During his visit, our investigator was followed around by security and the zoo owner, who were not happy about the animals being photographed. The conditions that most of the animals were being kept in were extremely poor.
The moon bear enclosure, though bigger than many of the other animal cages at the zoo, was quite bare with no apparent enrichment or climbing opportunities. The moat surrounding the enclosure was filled with dark, green water.
The white stork cage was very small and it held at least seven storks. The cage was dark, dirty and had a concrete floor and small trough containing green water. The storks’ feathers also appeared to be quite dirty and in poor condition.
The crocodile enclosure contained litter, such as plastic bottles, and was filled with dirty, green, stagnant water. The smell was horrific. A goshawk was held in a small cage. It appeared to be blind in one eye, which was completely clouded.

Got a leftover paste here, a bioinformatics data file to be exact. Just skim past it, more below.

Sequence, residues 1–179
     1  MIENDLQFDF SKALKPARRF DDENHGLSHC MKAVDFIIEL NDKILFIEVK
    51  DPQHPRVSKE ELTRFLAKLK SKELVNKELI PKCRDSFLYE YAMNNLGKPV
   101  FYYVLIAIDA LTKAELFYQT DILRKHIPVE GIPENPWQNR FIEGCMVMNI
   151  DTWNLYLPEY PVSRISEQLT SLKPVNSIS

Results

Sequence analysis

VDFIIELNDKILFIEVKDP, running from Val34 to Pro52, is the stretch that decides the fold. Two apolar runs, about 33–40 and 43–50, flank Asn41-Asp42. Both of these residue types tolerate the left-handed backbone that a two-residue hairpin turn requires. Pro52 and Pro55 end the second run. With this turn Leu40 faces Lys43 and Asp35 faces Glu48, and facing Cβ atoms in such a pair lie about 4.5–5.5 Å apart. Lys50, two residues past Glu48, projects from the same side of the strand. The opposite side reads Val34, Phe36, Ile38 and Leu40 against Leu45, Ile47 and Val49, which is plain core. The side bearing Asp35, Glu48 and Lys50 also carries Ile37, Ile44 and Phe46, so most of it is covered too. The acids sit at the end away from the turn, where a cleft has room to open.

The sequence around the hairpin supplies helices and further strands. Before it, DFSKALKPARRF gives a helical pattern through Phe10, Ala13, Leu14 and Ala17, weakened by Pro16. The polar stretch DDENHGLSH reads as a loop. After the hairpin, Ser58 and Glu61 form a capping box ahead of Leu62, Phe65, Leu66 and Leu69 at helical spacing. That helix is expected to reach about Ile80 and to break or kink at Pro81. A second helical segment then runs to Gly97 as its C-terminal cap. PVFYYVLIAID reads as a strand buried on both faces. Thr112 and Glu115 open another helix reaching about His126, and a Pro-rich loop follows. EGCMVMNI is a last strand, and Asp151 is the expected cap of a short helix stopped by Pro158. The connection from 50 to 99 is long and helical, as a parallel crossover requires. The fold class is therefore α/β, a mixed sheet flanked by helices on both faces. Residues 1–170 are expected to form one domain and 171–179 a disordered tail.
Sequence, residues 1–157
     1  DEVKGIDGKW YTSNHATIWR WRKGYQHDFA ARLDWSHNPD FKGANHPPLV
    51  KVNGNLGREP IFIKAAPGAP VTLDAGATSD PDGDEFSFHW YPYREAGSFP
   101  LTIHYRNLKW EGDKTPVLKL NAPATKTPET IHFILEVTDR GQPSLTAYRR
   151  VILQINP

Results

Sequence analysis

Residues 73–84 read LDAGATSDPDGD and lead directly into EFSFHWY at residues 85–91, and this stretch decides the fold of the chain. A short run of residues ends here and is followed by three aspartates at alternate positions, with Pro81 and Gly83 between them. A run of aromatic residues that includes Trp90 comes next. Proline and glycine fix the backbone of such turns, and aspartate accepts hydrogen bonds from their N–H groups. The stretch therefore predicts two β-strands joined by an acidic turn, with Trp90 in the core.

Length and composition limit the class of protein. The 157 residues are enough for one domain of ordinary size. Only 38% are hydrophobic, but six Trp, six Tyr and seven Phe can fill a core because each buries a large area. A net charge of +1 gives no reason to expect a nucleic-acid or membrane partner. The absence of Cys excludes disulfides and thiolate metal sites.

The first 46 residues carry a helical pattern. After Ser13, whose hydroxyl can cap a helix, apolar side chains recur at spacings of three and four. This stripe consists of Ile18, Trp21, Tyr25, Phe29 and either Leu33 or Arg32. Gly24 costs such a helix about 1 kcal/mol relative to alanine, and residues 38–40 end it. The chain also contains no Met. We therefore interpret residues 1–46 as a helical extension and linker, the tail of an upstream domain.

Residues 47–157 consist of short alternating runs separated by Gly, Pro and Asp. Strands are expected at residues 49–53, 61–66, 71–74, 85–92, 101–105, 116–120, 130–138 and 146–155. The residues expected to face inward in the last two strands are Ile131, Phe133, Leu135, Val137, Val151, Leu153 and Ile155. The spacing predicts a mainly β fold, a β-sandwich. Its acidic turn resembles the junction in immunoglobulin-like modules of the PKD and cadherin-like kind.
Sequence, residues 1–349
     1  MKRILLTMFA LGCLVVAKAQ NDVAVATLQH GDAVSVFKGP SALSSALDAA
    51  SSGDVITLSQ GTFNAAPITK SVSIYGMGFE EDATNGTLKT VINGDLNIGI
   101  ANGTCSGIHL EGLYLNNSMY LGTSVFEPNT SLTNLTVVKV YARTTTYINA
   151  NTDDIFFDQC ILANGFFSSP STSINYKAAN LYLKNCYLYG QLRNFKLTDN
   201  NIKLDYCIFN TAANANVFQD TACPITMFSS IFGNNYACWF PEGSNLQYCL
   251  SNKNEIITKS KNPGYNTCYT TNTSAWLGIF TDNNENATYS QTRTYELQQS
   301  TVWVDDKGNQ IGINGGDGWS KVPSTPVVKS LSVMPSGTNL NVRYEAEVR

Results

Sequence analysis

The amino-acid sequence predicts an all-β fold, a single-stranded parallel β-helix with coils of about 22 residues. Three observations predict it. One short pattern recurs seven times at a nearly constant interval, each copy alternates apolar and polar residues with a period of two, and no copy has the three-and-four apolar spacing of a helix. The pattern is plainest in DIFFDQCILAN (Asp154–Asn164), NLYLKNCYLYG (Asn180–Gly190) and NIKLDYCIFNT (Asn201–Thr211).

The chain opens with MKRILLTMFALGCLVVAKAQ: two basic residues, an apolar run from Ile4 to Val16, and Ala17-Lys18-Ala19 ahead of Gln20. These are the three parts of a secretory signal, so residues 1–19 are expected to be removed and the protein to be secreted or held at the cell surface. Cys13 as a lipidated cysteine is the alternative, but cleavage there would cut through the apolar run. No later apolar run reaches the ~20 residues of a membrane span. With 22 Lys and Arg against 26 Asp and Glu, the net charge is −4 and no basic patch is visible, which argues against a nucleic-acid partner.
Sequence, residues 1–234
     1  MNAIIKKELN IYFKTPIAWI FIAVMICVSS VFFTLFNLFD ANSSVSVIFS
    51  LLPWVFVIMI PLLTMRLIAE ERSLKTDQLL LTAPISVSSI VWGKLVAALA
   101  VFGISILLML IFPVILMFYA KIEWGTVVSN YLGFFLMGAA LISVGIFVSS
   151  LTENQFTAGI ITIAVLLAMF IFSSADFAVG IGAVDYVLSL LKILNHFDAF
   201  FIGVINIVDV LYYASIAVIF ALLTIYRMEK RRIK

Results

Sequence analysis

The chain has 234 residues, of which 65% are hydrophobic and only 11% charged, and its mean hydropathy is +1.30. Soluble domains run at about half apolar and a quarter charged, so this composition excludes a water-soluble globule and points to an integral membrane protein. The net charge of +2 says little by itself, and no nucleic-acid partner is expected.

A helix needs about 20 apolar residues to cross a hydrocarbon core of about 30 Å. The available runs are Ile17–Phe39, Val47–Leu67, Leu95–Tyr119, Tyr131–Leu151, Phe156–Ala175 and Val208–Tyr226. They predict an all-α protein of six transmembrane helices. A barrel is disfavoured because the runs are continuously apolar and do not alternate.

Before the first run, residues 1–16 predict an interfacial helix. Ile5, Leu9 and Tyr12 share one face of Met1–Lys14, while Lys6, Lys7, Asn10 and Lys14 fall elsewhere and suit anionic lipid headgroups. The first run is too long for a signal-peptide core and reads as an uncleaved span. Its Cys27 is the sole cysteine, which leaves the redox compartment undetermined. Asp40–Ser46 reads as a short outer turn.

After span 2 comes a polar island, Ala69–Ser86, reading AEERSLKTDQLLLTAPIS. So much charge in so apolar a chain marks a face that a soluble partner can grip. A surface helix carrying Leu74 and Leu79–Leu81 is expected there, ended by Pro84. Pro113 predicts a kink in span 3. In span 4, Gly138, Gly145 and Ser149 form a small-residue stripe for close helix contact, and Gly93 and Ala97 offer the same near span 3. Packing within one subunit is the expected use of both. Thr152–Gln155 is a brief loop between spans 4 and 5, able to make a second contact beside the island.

There were rows of disgusting tiny, concrete cages with wire mesh tops, containing around a dozen animals, including porcupines and macaques. The living conditions for these animals were horrendous and many of the macaques appeared to be very thin.
Major concerns were noted regarding the physical condition of many of the animals, particularly the hoofed mammals. Kudo antelopes, eland antelopes and horses appeared emaciated with their ribs and spines clearly visible.
Born Free continues to raise awareness of poor conditions in zoos. We are calling on the Vietnamese authorities to take action to improve the conditions and treatment of animals at Cu Chi Water Park.
UPDATE: 6th November 2018 - The Asia for Animals coalition, of which Born Free is a member, calls on the Forestry Protection Department to investigate the situation at Cu Chi Water Park and take action to help the animals there. Read the letter here.
UPDATE: January 2020 - Report from NGO 'Vietnam Animal Eyes' that Cu Chi Zoo appears to be closed. However, this has not been officially confirmed as yet.